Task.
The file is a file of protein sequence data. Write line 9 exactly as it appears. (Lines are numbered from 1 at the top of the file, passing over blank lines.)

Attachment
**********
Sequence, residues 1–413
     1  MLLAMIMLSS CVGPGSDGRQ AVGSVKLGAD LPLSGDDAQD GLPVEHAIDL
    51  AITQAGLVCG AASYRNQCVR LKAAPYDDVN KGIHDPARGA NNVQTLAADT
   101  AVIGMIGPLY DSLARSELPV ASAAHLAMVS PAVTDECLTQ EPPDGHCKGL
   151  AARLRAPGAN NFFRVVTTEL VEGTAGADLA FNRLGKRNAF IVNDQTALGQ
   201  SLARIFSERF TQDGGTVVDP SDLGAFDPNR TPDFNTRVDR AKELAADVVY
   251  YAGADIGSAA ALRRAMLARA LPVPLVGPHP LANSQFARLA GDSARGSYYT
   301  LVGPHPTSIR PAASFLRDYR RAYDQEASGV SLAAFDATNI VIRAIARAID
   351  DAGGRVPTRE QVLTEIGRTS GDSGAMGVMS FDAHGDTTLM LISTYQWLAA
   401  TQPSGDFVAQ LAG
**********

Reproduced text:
   351  DAGGRVPTRE QVLTEIGRTS GDSGAMGVMS FDAHGDTTLM LISTYQWLAA